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Let's Normalize Regular Movement Check Ups

Updated: Jan 18, 2022

We all go to the dentist before we know we have cavities. We go to the doctor for a yearly check up, and get blood work done to make sure everything is fine. Preventative care in these cases is the norm, so why don’t we do the same for our muscles and joints?

Whether you are an athlete, a weekend warrior, work an active job, or just move around

for housework and taking care of your kids, you use your

athletic therapy

body. Consider how often and how hard you use your body, and now compare that to how you take care of it.

It is a widely held belief that annual and biannual checkups are integral in preventing disease processes and disorders from becoming bigger problems; they are also important to build and maintain a doctor-patient relationships. So, why is it the norm to only see a physical therapy practitioner (whether it’s an athletic therapist, kinesiologist, physiotherapist, chiropractor, osteopath, etc.) when we are already injured and in pain. And beyond that, (based on personal and anecdotal experience) it is more likely that one will wait until their pain causes disability or disrupts their daily life before they see a therapist! Reactive medicine is scary; preventative medicine gives us more control over our bodies and our overall health outcomes.

We know that injury risk can be mitigated by optimizing biomechanics through appropriately applied exercise interventions and on the other side, sport performance can be enhanced with optimal biomechanics! So why do we wait?

The muscles and joints that we use daily are not getting a routine tune-up. Your body will naturally take the path of least resistance; if you have a joint that is not moving correctly, your body will compensate by increasing motion at another joint, which can easily cause many possible chronic injuries/diseases down the road such as degenerative joint disease, osteoarthritis, tendinopathies, etc, and just as easily increases your risk of acute injury.

As movement specialists, athletic therapists and kinesiologists are especially adept at the assessment and diagnosis of movement dysfunctions that can create these issues. These issues don’t have to be an immediate problem or even have to be pain, but they can be inefficient movement patterns that lead to a decrease in speed and power, and be the difference between a win and a loss. It can be an inefficient movement pattern that leads to quicker fatigue, and a missed personal best. It can be a faulty movement pattern that increases risk for a chronic or acute injury.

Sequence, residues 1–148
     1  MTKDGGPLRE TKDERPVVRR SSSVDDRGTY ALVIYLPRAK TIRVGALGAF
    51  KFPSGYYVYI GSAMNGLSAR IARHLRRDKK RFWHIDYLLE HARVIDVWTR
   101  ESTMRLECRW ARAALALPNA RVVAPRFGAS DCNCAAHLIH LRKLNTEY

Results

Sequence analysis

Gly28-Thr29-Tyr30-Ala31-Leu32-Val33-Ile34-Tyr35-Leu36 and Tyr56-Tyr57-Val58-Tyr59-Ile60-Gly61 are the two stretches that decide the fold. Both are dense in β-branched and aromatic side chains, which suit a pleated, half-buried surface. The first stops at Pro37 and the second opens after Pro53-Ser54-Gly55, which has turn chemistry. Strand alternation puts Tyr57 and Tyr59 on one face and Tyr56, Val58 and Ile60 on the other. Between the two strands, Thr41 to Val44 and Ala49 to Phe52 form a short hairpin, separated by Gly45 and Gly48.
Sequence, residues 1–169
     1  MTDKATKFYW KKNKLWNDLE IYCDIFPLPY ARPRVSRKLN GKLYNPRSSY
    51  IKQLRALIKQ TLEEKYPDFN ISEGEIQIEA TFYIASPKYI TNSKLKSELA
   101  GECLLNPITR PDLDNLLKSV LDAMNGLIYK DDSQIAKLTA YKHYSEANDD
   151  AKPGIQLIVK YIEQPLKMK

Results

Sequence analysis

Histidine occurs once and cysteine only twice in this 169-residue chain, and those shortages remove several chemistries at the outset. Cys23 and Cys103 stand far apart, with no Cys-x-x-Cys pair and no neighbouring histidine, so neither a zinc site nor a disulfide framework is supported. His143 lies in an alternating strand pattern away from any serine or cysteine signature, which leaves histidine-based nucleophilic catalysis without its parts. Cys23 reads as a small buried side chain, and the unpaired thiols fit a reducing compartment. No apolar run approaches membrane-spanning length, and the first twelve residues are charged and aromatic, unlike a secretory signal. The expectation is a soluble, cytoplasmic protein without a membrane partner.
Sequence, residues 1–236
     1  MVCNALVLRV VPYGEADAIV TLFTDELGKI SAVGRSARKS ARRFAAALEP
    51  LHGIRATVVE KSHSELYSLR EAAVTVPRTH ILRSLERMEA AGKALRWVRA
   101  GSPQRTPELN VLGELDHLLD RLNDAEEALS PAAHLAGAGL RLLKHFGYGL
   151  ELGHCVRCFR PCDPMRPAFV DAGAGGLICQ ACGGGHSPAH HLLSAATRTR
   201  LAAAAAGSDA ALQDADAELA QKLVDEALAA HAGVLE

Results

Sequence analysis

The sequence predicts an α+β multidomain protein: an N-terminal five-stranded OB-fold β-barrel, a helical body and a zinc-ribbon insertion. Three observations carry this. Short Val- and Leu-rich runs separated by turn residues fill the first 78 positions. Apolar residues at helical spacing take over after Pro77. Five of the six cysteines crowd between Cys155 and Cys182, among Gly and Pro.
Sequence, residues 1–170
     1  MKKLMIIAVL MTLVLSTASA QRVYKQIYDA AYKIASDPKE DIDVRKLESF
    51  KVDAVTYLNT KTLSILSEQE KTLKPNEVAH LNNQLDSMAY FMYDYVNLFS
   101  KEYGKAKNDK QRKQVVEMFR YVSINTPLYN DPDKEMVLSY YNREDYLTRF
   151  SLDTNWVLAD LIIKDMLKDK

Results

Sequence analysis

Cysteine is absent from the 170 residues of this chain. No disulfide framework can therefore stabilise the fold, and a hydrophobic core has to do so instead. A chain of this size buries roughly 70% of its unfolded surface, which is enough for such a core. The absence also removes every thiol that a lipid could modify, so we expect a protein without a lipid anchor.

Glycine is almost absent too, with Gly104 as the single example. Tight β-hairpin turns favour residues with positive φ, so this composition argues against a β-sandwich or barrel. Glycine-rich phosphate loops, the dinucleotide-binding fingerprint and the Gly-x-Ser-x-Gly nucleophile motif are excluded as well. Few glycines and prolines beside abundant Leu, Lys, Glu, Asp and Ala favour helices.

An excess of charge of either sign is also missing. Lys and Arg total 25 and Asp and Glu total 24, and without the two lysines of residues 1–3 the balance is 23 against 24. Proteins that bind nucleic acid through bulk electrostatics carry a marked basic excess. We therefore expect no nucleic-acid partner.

Now, it is true that many sporting organizations require a pre-participation exam that may or may not include a movement screen, or have therapists easily available to assess and manage injury, however, for many artistic athletes not in a high level or professional company, this is not the case. It is the responsibility of the athlete, or (for youth athletes) the athlete's parents to recognize this importance and act on it. See a qualified professional once or twice a year, talk about how your body and your movements feel . Take a look at your basic and sport specific movement patterns. Talk about nutrition, sleep, stress. Prevent the issues before they start.

What is more cost effective, one appointment, once or twice a year, or several appointments, missed time from the activity you love, pain and an inability to do your tasks of daily living? The same way you would purchase a new piece of equipment, or supplements to increase your performance and recovery, or new workout clothes, invest in yourself and invest in regular check ins with a qualified practitioner to keep you moving at your best.

Ready to get yourself on the road to pro-active care? Email me here and let's get started.


1. Krogsbøll, L. T., Jørgensen, K. J., & Gøtzsche, P. C. (2019). General health checks in adults for reducing morbidity and mortality from disease. The Cochrane database of systematic reviews, 1(1), CD009009.

2. Hübscher, M., Zech, A., Pfeifer, K., Hänsel, F., Vogt, L., & Banzer, W. (2010). Neuromuscular training for sports injury prevention: a systematic review. Medicine and science in sports and exercise, 42(3), 413–421.

3. Lauersen JB, Bertelsen DM, Andersen LB. The effectiveness of exercise interventions to prevent sports injuries: a systematic review and meta-analysis of randomised controlled trials. British Journal of Sports Medicine 2014;48:871-877.

4. Rössler, R., Donath, L., Verhagen, E., Junge, A., Schweizer, T., & Faude, O. (2014). Exercise-based injury prevention in child and adolescent sport: a systematic review and meta-analysis. Sports medicine (Auckland, N.Z.), 44(12), 1733–1748.

5. MacDougall, J. D., MacDougall, D., Sale, D. (2014). The Physiology of Training for High Performance. United Kingdom: OUP Oxford.

6. Starkey, C. & Brown, S. (2015). Examination of Orthopedic & Athletic Injuries. F.A. Davis Company. 080363918X, 9780803639188


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